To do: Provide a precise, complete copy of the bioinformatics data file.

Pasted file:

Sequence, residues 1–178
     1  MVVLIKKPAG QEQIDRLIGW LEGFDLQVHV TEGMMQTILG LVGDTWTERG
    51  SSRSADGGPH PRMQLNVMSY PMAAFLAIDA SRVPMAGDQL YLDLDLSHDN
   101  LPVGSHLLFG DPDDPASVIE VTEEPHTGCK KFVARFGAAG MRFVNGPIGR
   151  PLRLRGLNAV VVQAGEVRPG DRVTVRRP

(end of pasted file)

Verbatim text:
Sequence, residues 1–178
     1  MVVLIKKPAG QEQIDRLIGW LEGFDLQVHV TEGMMQTILG LVGDTWTERG
    51  SSRSADGGPH PRMQLNVMSY PMAAFLAIDA SRVPMAGDQL YLDLDLSHDN
   101  LPVGSHLLFG DPDDPASVIE VTEEPHTGCK KFVARFGAAG MRFVNGPIGR
   151  PLRLRGLNAV VVQAGEVRPG DRVTVRRP